Slartibartfast wrote:But didn't the Crystal try to signal the Fitzgerald with lights? In any case, the Fitzgerald is smaller, more maneuverable, has better sensors, and, one would like to think, more alert (and presumably larger) crews. Seems like there had to have been a lot of screw-ups for this to have happened.
It may be more maneuverable, but warships aren't in the habit of altering course for civilian craft. This whole thing may be as simple as an inexperienced bridge crew saying "Hey, we kept telling the Crystal to alter course, but she never did. By the time we realized she was too close it was too late to take evasive action."
That seems absurd to me. COLREGS do not give any special exemptions for naval vessels. And with no AIS signal, a merchant vessel could not identify the status of a blip on a radar screen or distant navigation lights. A bridge team has an absolute duty to keep an effective watch and to avoid collisions. I find it implausible that the Fitzgerald's bridge watch would monitor its radars and AIS display, see a fully identified large and cumbersome vessel on a collision course, and engage in a pointless, misjudged and wholly unprofessional game of chicken. Or are US Navy sailors* that incompetent and derelict in their duties?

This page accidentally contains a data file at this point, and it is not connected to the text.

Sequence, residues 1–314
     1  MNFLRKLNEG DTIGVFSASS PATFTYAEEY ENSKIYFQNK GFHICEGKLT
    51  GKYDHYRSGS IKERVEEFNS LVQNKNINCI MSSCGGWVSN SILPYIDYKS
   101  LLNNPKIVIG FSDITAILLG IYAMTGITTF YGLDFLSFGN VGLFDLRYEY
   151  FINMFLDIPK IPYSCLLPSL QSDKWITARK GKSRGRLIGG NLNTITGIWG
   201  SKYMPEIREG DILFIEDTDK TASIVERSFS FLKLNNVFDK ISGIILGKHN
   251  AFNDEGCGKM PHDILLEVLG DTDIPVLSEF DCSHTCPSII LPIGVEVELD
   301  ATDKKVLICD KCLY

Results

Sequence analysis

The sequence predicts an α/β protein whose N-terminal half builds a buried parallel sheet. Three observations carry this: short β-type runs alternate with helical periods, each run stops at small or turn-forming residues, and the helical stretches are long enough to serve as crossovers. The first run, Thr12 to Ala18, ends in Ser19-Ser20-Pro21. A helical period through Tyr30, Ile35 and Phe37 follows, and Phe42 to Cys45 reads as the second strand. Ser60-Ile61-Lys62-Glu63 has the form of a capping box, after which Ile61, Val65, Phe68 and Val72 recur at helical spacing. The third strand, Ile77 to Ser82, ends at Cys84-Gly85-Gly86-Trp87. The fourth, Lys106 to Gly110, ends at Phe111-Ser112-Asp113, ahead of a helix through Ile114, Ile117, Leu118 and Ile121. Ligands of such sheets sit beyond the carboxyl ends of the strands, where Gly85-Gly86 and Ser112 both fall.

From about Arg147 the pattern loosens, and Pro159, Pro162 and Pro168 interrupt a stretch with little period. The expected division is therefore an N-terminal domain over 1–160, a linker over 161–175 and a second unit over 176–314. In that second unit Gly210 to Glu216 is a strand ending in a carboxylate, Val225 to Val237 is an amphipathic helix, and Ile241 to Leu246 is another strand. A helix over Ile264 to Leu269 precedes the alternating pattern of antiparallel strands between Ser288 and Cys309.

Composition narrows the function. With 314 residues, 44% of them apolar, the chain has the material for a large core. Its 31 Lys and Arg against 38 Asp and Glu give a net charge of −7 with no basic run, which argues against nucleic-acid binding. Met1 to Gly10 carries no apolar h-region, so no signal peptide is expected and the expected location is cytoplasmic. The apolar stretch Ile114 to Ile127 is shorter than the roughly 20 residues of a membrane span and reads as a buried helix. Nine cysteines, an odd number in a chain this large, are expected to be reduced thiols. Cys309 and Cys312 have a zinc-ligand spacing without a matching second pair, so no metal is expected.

The Crystal would also be under no obligation to heed any radioed instruction from the Fitzgerald, and the Fitzgerald would not be able to use any such signal as a defense, especially if the Crystal had not acknowledged the signal and also confirmed that they understood and would comply. Even then, the Fitzgerald's commander retains the duty to maintain an effective watch, including monitoring the Crystal's actions on radar, and to take all necessary action to avoid a collision.
Slarti's conspiracy theory of a deliberate act on the Fitzgerald to cause a collision does not seem worthy of anyone who claims to follow a Bayesian approach! Inattentiveness, multiple misjudgements and bad luck are the root causes of almost all peacetime collisions. At this stage there is no good reason not to expect something similar here, and the maxim that exceptional claims require exceptional evidence applies. Of course, it could
be correct, just as Trump could
have a really great healthcare plan in his pocket.
Until more information comes out, I cannot see how the Fitzgerald's bridge team can evade a large dose of responsibility; the question is how much mitigation can be found. How much blame is attached to the Crystal's crew I can't guess; it could be a lot, it could be almost none. Of course, I will be happy to be proven wrong, and I am no expert on avoiding huge ships.
* Please don't mention Walter Fitzpatrick! But he didn't crash his ship, did he?